This is my basic argument: blockchain does nothing to solve any existing problem with financial (or other) systems. Those problems are inherently economic and political, and have nothing to do with technology. And, more importantly, technology can’t solve economic and political problems. Which is good, because adding blockchain causes a whole slew of new problems and makes all of these systems much, much worse.

Green writes: “I have no problem with the idea of legislators (intelligently) passing laws to regulate cryptocurrency. Indeed, given the level of insanity and the number of outright scams that are happening in this area, it’s pretty obvious that our current regulatory framework is not up to the task.” But when you remove the insanity and the scams, what’s left?

EDITED TO ADD: Nicholas Weaver is also adamant about this. David Rosenthal is good , too.

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    Coinbase erroneously reported 2FA changes to 125,000 customers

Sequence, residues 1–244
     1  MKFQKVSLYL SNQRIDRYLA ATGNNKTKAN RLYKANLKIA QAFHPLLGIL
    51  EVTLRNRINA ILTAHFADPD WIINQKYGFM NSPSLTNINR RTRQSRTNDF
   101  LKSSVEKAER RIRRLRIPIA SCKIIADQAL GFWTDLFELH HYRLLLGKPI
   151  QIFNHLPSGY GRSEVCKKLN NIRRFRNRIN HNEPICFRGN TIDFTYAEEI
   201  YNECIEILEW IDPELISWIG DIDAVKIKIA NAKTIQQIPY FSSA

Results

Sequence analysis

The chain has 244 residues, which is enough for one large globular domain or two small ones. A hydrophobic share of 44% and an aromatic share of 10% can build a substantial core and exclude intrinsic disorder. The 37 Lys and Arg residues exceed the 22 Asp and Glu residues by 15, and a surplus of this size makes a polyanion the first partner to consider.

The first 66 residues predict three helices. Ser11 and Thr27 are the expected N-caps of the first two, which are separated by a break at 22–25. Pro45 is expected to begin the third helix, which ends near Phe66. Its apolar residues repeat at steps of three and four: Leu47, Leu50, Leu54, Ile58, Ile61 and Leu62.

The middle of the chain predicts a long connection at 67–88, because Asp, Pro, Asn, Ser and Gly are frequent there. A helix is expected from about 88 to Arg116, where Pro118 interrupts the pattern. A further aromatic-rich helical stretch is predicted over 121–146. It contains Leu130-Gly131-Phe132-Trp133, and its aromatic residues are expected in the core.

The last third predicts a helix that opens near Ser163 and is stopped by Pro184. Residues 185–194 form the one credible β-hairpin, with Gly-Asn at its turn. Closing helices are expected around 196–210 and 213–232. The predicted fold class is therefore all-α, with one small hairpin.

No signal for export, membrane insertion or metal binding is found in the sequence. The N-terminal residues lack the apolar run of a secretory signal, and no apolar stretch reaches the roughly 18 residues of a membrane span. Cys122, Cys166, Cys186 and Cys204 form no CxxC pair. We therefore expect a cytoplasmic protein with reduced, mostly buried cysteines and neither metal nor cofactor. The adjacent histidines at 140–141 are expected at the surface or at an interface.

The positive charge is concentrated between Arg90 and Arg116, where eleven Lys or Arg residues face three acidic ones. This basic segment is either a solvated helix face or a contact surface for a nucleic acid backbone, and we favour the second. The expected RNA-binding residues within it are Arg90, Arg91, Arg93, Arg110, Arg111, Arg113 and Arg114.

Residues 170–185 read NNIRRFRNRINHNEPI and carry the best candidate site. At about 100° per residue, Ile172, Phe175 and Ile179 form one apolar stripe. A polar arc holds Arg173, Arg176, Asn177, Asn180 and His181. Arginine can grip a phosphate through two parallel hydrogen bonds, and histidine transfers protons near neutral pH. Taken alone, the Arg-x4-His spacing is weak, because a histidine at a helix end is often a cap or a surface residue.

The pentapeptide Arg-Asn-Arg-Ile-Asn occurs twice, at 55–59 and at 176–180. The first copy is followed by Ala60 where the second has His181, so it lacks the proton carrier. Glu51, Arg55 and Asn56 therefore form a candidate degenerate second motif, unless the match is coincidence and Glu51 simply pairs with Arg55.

news.movim.eu / ArsTechnica · Monday, 30 August, 2021 - 22:47

On Friday afternoon, Coinbase sent email and SMS text messages to 125,000 customers, erroneously telling them that their 2FA settings had been changed.

Enlarge / On Friday afternoon, Coinbase sent email and SMS text messages to 125,000 customers, erroneously telling them that their 2FA settings had been changed. (credit: SOPA Images )

Cryptocurrency exchange Coinbase sent an automated message to a large number of its customers on Friday, saying "your 2-step verification settings have been changed." Unfortunately, the message was sent in error—by Coinbase's count, 125,000 of those messages were sent (via email and SMS text) to customers whose 2FA settings had not changed.

According to Coinbase's own acknowledgment Saturday, its system began sending the erroneous messages at 1:45PM Pacific time on Friday, and kept sending them until the error was mitigated at 3:07PM.

In that Twitter thread, Coinbase acknowledges the mistaken 2FA messages' potential for confusion—confusion which retiree Don Pirtle told CNBC led him to panic-sell more than $60,000 of cryptocurrency. Pirtle was holding this large wallet as an investment for his grandson, so the panicked sale may have been as much blessing as curse—he now questions whether cryptocurrency was a safe investment in the first place.